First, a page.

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Nike’s Complex Relationship With Wholesale, Explained

The sportswear giant is quietly returning to third-party stores six years after it first announced a pivot toward direct channels. But this isn’t a reversal of priorities as much as it is an evolution of Nike’s distribution strategy, analysts say.
After cutting ties with major retailers as part of its radical DTC strategy, Nike will re-enter certain stores, hinting at the importance of wholesale in post-pandemic retail.
After cutting ties with major retailers as part of its radical DTC strategy, Nike has begun re-entering stores like DSW and Macy's, hinting at the importance of wholesale in the post-pandemic retail environment. (Nike)

Key insights

  • Nike has begun quietly re-entering into wholesale deals with retailers like DSW and Macy’s after pivoting to direct-to-consumer sales in 2017.
  • Wholesale still accounts for the majority of the brand’s sales, generating $25.6 billion in 2022, compared to $18.7 billion in direct sales.
  • Nike’s new partnerships with the likes of Dick’s Sporting Goods and Zalando are more collaborative, allowing the brand access to customer insights.

Since 2017, Nike has severed ties with dozens of meaningful wholesale partners in an effort to focus on its own stores and e-commerce, a strategy that was met with rapturous approval from shareholders and analysts alike.

At the time, direct-to-consumer brands were all the rage. Startups like Allbirds and Bonobos were slated to be unicorns on the single premise that they don’t need department stores or other mall chains to reach consumers, instead finding them directly via social media.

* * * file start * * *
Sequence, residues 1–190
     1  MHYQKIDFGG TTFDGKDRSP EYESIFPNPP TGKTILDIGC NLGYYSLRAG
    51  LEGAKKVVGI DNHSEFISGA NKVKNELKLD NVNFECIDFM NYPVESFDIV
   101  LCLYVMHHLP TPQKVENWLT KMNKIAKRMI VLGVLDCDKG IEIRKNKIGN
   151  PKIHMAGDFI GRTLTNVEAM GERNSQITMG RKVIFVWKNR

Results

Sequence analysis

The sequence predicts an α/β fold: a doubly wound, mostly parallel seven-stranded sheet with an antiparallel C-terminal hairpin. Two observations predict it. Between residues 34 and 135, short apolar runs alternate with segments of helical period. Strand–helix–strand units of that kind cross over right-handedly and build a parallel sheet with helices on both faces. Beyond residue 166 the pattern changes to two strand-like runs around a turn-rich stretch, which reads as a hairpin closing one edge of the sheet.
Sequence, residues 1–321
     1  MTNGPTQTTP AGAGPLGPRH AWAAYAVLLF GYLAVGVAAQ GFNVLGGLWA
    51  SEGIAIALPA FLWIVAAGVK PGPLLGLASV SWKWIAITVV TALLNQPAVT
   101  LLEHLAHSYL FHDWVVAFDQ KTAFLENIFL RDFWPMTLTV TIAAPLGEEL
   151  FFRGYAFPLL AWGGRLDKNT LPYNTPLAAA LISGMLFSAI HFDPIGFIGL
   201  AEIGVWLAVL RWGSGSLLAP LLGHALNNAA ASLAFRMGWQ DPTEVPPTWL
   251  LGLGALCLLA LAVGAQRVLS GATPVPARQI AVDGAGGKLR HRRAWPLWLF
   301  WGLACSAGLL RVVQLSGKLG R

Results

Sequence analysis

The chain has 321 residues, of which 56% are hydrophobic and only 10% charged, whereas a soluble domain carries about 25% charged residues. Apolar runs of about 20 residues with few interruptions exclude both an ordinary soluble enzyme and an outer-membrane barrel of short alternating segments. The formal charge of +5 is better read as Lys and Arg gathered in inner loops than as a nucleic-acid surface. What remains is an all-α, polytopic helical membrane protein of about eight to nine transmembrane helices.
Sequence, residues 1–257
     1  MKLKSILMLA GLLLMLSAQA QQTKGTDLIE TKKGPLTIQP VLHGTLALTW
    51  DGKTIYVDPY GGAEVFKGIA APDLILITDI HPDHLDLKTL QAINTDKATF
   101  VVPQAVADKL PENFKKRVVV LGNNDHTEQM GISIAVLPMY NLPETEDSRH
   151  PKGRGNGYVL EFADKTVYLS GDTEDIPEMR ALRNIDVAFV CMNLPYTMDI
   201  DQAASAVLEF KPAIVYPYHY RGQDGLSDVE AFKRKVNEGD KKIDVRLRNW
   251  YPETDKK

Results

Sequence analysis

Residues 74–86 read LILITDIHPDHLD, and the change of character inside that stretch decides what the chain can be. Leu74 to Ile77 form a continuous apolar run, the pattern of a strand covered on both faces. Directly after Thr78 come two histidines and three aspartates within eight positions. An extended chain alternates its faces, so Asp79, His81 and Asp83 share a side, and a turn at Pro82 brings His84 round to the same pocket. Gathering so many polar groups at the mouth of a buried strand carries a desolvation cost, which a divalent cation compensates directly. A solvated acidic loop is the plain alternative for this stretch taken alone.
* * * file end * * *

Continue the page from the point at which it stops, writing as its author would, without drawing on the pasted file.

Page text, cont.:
But the playbook hasn’t panned out as originally intended. Online customer acquisition has become increasingly unaffordable as the e-commerce landscape grew crowded. Brands that had pivoted to direct have not seen a relative increase in revenue or profit margin, according to Simeon Siegel, retail analyst at BMO Capital Markets.

In recent months, the tide has turned. Digitally-native startups, confronting a ceiling on digital transactions, are now exploring new channels of growth, including wholesale and physical stores. Nike, meanwhile, quietly began re-entering key wholesale relationships this year, including Macy’s after a two-year hiatus and shoe retailer DSW. Foot Locker highlighted its revitalised business with Nike in an earnings call in March, during which chief executive Mary Dillon said that she spent “a great deal of time with Nike revitalising our partnership.”

But Nike’s renewed embrace of wholesale isn’t an indication of failure on its “Consumer Direct Offense.” In fact, Nike has taken key learnings from its DTC push to inform its new partnerships with retailers, which are more strategic and collaborative than before.

Ultimately, Nike’s return to wholesale is a reflection of the reality for all brands and retailers today that diversifying distribution is key — and that reliance on a single channel, whether that’s DTC or wholesale, will result in stunted growth and profitability.